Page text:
As a Catholic in a small Ohio diocese, it is always interesting when our local Church shows up in the national news. This week, my bishop—the Bishop of Youngstown, Ohio—George Murry was elected as the chairman of the USCCB Committee on Religious Liberty. As such, he’ll be tasked with building up American Catholics’ understanding and defense of religious liberty. He’ll also be overseeing the work of empowering local bishops to improve their outreach on the issue. 

Murry received this distinction in a tie-vote with Archbishop Thomas Wenski of Miami. Murry, being the older prelate, won the tiebreaker and was given the chairmanship. Not only is this another victory in the long, bitter war between Ohio and Florida, but it is also a great honor for our diocese. I’ve always been a bit superstitious about tie votes— I think tie-breakers are often a sly spot for the Holy Spirit to do what He wants.

I’m a big Bishop Murry fan. So is one of my best and oldest friends. We have argued at various points in the past who is a bigger Murry fan. But since I have the keyboard and he doesn’t: it’s me. Murry’s resume is long and impressive, and I’m liable to talk too much about it. But I’ll try to be quick.

Bishop Murry was born in Camden, New Jersey. (I’m from New York, but there is no New Yorker or New Jerseyan in Christ.) Murry was raised as an African Episcopal Methodist until he came into full communion with the Church while a student at a parochial school in Baltimore. Murry is one of only eight active black bishops in the U.S. (a number so small it still shocks me) out of about 270 active prelates. (There are 13 living African American bishops out of around 430 total US bishops, counting those who have retired.) Murry is also a Jesuit, which means you just made a snap judgment about him one way or the other. (You totally did.)

Before being sent to govern our oddball Appalachian community in 2007, Murry was stationed in Chicago and the U.S. Virgin Islands. Chicago, as you may not know, is one of the biggest hubs of black American Catholicism. The Virgin Islands, being about three-quarters black or Afro-Caribbean, is another major center of black Catholicism. It would be an obvious understatement if I said that these places are quite different from the 80% white Mahoning County, the major population center of the diocese. (I didn’t look, but my guess is that that percentage grows dramatically outside of Youngstown itself.)

I pay a lot of attention to what my bishop says and does. There is something very beneficial about that. It’s one thing to look at the Bishop of Rome from afar—a great man that, when I’m being honest, I know I’ll never meet—and another to be able to sit down for a chat with the Bishop of Youngstown. The Pope’s ministry is invaluable, but my bishop’s ministry is meant particularly for me. Perhaps that’s why I get so nervous they’ll “promote” Murry out of here someday. I’m stingy with good clerics.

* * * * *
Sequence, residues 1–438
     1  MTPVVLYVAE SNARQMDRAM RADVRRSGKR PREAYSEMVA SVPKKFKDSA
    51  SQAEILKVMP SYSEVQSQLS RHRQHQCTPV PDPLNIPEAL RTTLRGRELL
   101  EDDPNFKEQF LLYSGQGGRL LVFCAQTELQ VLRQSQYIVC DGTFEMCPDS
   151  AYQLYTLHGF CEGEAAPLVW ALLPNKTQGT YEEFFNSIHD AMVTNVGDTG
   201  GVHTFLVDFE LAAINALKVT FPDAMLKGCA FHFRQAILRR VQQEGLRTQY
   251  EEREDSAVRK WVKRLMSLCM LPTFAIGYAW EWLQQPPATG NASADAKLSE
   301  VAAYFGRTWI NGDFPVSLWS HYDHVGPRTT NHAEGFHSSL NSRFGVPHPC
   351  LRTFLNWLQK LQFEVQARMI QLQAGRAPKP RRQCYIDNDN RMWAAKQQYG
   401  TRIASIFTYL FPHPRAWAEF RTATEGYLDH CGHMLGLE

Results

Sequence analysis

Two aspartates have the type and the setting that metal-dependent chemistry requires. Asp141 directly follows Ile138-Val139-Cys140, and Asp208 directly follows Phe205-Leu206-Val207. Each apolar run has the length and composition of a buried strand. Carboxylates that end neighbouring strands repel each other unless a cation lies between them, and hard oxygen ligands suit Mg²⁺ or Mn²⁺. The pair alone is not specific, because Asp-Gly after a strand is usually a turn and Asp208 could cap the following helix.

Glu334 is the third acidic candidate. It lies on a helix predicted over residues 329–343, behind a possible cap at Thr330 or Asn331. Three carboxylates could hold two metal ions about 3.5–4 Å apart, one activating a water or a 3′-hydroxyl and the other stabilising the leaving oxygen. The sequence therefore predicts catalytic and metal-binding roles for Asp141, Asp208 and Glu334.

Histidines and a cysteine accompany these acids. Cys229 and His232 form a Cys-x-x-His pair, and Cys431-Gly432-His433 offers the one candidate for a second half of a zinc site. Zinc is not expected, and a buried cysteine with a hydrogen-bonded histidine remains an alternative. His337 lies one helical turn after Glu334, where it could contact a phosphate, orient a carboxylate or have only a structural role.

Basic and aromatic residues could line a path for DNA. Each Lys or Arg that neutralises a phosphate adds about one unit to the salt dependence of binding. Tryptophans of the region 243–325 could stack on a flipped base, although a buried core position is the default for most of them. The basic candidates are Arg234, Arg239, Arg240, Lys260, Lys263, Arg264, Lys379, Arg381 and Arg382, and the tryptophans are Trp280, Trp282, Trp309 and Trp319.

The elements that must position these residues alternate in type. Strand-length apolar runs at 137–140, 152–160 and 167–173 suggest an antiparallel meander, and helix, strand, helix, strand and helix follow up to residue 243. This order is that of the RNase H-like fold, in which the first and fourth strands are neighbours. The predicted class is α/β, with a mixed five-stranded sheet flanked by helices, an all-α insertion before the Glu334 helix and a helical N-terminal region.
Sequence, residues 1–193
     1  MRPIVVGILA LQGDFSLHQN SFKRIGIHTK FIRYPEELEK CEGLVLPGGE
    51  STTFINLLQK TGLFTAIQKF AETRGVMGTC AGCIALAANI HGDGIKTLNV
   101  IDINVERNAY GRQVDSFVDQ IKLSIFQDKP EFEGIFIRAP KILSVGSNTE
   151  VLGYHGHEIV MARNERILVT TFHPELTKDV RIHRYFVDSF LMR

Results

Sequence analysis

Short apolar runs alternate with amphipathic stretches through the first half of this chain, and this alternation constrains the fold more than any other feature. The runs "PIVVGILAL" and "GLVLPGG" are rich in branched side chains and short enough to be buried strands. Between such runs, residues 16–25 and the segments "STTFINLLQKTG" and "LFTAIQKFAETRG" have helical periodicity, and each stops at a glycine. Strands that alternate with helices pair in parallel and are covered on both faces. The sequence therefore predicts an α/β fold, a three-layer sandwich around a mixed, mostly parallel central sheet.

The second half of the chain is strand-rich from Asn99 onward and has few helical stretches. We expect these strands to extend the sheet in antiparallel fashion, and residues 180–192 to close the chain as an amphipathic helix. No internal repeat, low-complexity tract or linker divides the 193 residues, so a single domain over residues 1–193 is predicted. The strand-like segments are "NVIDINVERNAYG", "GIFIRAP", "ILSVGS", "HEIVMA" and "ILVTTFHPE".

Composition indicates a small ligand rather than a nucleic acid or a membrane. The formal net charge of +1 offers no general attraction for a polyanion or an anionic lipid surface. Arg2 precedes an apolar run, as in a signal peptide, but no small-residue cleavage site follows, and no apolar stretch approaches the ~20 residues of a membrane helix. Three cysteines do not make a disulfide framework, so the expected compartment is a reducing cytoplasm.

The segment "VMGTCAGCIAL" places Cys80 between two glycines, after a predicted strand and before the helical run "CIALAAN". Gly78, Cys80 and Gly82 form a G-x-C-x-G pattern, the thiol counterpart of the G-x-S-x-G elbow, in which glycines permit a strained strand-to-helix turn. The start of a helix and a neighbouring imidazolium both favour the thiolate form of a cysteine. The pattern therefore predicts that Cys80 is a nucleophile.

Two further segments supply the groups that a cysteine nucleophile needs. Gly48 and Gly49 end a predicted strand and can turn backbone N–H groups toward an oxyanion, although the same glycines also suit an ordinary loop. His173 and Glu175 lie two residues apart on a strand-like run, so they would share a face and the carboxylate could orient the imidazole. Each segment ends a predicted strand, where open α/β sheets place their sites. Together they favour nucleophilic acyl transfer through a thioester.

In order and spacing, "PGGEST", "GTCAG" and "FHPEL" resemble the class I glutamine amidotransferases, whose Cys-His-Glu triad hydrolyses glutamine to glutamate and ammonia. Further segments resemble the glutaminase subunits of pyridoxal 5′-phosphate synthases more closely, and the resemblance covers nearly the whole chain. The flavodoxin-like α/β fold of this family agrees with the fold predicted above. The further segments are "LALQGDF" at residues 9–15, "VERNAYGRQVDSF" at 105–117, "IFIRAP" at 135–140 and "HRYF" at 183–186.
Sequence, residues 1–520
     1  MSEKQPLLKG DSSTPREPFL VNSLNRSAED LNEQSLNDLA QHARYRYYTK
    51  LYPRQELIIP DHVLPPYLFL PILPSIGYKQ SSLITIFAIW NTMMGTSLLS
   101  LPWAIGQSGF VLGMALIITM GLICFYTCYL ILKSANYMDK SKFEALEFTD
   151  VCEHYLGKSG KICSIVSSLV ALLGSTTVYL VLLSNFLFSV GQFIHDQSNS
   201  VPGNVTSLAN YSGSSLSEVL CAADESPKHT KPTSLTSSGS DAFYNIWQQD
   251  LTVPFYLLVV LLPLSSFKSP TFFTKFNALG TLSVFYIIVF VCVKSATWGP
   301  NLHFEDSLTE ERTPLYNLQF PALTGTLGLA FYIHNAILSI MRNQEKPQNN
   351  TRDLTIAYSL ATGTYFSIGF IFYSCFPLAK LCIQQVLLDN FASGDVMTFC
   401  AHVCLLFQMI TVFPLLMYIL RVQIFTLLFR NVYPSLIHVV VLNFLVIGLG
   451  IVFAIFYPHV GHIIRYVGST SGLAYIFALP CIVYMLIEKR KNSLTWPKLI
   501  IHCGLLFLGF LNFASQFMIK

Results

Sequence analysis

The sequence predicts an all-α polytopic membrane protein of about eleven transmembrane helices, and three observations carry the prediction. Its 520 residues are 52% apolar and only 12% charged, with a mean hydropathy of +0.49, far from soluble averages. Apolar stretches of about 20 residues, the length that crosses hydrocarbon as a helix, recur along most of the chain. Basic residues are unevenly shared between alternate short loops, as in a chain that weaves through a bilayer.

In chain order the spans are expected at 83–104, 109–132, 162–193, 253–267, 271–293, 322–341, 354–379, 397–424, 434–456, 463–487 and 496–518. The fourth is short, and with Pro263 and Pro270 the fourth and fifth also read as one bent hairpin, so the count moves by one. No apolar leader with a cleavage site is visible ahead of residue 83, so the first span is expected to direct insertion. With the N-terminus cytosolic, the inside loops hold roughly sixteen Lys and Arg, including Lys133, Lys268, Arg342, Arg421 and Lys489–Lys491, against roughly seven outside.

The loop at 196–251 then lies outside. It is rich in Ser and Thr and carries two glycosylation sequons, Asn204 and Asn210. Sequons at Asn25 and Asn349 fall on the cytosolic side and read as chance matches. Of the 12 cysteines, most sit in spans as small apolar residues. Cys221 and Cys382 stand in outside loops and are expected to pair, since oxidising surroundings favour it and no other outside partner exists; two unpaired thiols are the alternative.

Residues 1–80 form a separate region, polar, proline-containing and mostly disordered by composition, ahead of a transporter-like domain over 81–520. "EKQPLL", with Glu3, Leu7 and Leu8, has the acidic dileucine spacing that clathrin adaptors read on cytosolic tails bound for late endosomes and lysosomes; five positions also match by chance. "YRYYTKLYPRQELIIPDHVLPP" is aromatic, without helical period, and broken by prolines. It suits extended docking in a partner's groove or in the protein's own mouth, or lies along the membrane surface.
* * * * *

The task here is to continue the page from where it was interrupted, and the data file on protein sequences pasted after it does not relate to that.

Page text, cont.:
(If by some absurd chance the people who make those decisions are reading this, back off.)

William D. Lewis, The Vindicator
Bishop George Murry during June 5, 2016 Anniversary Mass at St Columba Cathedral in Youngstown.

There is a real personality to the local Church that so often gets overlooked. Your own bishop, after all, is your primary spiritual father. The bishop is the teacher and propagator of the Faith in the diocese. All ministries, all sacramental graces, in a very meaningful way originate with him. If you are blessed to have a bishop who offers talks or visits parishes often or— lucky dog— writes encyclicals, pay close attention. These are very real moments where Christ speaks to us in a particular way.

I’ve enjoyed the company of Bishop Murry a few times, but the most important was in 2017. It was Christmas Eve and, in honor of the parish’s 200th anniversary, Murry celebrated Midnight Mass for us at St. Philip Neri Church in Dungannon, Ohio. Old St. Philip’s was the first of our diocese’s many churches and they still have the preserved log cabin containing the rickety little dresser that served as our Catholic community’s first altar. It is no small phenomenon among many of the Catholics here. Some parishioners have even created a comprehensive history of the parish. (Don’t tell the others, but I haven’t read it yet.) 

This was, to date, my only Christmas Mass with a bishop. Sure, I’d had plenty of Masses with bishops, archbishops—even a few cardinals, including Raymond Burke. Many of these were wonderful, pure moments of liturgical delight. But Midnight Mass in an ancient (for Americans) little parish church with my own bishop, while I sat in the front row? This one left them all behind.